Published : 2014-06-09 21:16
Updated : 2014-06-09 21:16
The South Korean won rallied to its strongest level in nearly six years on Monday as rate cuts by the European Central Bank were expected to propel more foreign capital inflows into Asia’s fourth-largest economy, lending further support to the local currency, analysts said.
The local currency closed at 1,016.20 against the greenback, up 4.3 won from the previous session’s close. The won hit an intra-day high of 1,016.00 to the dollar, the strongest level since Aug. 6, 2008, when the comparable figure was 1,015.90, and easily exceeding this year‘s high of 1,017.10 on May 30.
On Thursday, the ECB cut its deposit rate to minus 0.1 percent from zero and slashed its benchmark rate to 0.15 percent from 0.25 percent in a bid to bolster the world’s largest single economic bloc, vowing to take additional measures if needed.
“The South Korean economy’s fundamentals are sound compared to other emerging economies, and the rate cuts by the ECB will prompt further capital inflows into the South Korean economy, which will provide further support to the won,” said Kim Jong-soo, an analyst at Taurus Investment & Securities.
Backed by easing policies by major advanced economies and the Korean economy’s sound economic fundamentals, the local currency has already gained some 6 percent.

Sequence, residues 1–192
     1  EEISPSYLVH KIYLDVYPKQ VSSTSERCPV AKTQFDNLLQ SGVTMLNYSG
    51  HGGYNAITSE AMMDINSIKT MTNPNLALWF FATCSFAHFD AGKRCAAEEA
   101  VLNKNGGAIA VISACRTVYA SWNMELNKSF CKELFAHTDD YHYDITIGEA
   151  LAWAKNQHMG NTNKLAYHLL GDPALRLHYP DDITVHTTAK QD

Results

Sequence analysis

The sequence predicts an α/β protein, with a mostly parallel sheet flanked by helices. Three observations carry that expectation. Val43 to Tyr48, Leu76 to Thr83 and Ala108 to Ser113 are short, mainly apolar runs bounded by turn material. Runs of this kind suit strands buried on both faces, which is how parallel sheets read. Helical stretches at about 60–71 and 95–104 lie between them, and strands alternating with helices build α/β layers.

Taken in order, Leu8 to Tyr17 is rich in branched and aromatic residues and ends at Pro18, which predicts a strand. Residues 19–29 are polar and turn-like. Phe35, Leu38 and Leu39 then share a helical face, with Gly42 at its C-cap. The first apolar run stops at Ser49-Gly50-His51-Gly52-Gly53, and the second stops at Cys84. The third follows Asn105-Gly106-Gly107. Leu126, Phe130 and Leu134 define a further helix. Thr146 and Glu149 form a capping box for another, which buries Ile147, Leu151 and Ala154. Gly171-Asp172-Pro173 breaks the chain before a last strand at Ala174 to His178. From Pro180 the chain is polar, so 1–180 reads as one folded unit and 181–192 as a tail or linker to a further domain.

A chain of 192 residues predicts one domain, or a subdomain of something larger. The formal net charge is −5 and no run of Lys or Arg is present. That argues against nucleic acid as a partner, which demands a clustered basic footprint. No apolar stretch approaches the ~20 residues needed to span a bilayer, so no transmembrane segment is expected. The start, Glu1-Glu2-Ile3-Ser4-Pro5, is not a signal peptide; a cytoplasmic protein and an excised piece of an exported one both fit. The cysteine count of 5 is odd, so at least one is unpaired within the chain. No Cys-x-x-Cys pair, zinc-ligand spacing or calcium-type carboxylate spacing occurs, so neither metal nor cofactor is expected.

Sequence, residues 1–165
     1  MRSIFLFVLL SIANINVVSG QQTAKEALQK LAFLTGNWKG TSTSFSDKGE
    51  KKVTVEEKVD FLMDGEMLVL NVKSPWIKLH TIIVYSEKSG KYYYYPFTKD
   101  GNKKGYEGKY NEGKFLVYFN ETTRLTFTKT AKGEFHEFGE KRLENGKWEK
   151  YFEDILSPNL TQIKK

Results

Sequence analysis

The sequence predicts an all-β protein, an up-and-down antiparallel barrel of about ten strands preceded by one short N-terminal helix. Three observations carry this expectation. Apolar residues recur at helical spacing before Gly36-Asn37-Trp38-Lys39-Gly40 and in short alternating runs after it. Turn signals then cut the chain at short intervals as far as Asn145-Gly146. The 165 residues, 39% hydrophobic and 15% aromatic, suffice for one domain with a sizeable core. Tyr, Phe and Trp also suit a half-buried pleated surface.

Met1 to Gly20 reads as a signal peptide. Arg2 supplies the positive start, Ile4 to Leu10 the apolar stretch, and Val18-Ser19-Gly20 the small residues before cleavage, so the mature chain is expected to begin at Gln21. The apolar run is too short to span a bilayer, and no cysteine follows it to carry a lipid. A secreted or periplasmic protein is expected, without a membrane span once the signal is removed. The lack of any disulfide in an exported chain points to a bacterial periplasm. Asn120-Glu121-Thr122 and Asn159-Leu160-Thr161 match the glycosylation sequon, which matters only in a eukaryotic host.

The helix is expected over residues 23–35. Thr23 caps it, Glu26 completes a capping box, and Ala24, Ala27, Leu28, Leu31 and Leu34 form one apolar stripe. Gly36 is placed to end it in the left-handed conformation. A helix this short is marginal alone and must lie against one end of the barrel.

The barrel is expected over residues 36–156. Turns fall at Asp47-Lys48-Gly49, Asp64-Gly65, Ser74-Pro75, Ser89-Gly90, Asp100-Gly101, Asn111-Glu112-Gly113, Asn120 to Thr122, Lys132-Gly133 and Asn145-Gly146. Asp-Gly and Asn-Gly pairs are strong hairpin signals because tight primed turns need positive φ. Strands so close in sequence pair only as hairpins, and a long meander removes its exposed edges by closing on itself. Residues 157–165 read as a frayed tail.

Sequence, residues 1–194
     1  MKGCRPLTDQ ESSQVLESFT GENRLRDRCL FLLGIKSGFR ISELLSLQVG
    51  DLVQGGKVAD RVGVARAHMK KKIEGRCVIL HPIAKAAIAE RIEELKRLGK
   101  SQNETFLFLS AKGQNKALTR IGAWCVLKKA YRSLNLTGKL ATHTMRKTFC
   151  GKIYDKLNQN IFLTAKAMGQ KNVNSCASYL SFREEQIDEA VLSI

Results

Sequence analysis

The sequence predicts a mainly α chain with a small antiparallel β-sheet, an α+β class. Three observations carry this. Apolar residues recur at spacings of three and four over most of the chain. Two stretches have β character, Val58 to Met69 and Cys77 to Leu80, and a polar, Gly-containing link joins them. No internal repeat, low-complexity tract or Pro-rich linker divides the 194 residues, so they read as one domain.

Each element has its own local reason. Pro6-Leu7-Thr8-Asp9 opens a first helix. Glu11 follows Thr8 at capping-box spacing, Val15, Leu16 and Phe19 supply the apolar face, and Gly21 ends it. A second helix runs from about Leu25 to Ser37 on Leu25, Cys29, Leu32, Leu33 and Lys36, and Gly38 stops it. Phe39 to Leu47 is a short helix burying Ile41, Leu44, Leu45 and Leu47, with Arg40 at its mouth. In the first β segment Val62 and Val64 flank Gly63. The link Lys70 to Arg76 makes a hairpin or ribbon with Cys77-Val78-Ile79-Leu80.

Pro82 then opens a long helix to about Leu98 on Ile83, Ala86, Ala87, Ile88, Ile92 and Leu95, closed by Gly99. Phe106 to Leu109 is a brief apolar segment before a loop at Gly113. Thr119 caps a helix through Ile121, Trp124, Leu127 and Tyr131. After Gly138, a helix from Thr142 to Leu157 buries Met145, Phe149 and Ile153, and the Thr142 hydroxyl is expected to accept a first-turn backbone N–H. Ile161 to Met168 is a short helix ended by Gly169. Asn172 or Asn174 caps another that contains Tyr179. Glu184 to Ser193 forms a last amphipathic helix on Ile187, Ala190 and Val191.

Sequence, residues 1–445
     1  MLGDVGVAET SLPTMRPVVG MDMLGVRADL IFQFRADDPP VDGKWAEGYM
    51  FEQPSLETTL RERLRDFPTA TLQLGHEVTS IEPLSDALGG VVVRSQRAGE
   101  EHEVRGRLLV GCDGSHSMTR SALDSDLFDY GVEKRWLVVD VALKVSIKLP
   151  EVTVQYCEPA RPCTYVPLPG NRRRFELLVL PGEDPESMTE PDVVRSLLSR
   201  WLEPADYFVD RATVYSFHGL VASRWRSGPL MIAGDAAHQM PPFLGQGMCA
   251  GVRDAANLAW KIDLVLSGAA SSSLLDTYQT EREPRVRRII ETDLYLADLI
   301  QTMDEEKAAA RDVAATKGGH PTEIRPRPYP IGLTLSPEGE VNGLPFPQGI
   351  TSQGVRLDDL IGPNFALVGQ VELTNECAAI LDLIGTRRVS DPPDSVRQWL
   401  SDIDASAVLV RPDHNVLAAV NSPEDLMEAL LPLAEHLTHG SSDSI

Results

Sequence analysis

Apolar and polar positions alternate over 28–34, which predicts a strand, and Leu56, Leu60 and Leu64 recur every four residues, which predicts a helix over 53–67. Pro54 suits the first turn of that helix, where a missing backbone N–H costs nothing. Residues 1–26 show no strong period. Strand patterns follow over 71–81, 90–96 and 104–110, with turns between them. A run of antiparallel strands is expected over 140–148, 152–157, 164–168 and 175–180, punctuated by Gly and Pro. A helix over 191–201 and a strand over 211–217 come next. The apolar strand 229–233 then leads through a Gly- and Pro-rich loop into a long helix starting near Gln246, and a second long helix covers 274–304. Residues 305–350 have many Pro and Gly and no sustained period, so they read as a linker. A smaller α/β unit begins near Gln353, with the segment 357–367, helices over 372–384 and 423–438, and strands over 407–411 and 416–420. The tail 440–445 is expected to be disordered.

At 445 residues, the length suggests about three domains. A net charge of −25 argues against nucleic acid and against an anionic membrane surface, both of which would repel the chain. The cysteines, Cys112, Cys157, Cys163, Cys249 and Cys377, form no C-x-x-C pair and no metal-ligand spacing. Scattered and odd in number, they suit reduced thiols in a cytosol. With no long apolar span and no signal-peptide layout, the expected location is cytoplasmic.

In the local stock market, foreign investors have scooped up some 3 trillion won worth of local shares since May 13, helping the local currency trade at the 1,020-won level for the past few weeks.
But analysts said the Korean won will not exceed the psychologically important 1,000-won level as local authorities are firmly curbing the won‘s sharp ascent, which could wreak havoc on exporters.
Also, the U.S. economy is maintaining its recovery pace, which will strengthen the dollar, they said.
“The currency authorities will fine-tune the exchange rate in order to curb the won’s sharp rise,” Ma Ju-ok, an analyst at Kiwoom Securities, said, forecasting the won-dollar rate will range from 1,015 to 1,030 this week.
Meanwhile, the Bank of Korea, South Korea‘s central bank, is expected to hold its key rate steady at 2.5 percent for the 13th consecutive month at the upcoming meeting this week, as it made an assessment that the local economy is maintaining its uptrend, although uncertainties related to domestic demand have increased from the recent ferry disaster that led to more than 300 people being killed or missing. (Yonhap)